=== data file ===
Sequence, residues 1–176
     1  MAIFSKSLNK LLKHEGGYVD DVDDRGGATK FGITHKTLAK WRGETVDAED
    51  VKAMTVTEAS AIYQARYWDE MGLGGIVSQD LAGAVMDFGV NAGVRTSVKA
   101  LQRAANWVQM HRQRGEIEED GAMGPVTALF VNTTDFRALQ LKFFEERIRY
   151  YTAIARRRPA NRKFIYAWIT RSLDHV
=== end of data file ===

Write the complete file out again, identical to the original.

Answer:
Sequence, residues 1–176
     1  MAIFSKSLNK LLKHEGGYVD DVDDRGGATK FGITHKTLAK WRGETVDAED
    51  VKAMTVTEAS AIYQARYWDE MGLGGIVSQD LAGAVMDFGV NAGVRTSVKA
   101  LQRAANWVQM HRQRGEIEED GAMGPVTALF VNTTDFRALQ LKFFEERIRY
   151  YTAIARRRPA NRKFIYAWIT RSLDHV